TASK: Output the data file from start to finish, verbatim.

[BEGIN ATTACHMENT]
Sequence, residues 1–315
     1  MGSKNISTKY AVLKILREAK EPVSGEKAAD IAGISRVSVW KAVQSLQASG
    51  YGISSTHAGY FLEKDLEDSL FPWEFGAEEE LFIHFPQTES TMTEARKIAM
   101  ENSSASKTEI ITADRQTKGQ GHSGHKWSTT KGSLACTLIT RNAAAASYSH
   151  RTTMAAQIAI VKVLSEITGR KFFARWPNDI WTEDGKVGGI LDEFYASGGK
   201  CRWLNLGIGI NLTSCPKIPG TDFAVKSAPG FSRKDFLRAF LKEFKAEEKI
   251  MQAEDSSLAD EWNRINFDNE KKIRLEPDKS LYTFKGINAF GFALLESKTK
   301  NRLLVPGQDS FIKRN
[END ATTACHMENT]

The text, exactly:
Sequence, residues 1–315
     1  MGSKNISTKY AVLKILREAK EPVSGEKAAD IAGISRVSVW KAVQSLQASG
    51  YGISSTHAGY FLEKDLEDSL FPWEFGAEEE LFIHFPQTES TMTEARKIAM
   101  ENSSASKTEI ITADRQTKGQ GHSGHKWSTT KGSLACTLIT RNAAAASYSH
   151  RTTMAAQIAI VKVLSEITGR KFFARWPNDI WTEDGKVGGI LDEFYASGGK
   201  CRWLNLGIGI NLTSCPKIPG TDFAVKSAPG FSRKDFLRAF LKEFKAEEKI
   251  MQAEDSSLAD EWNRINFDNE KKIRLEPDKS LYTFKGINAF GFALLESKTK
   301  NRLLVPGQDS FIKRN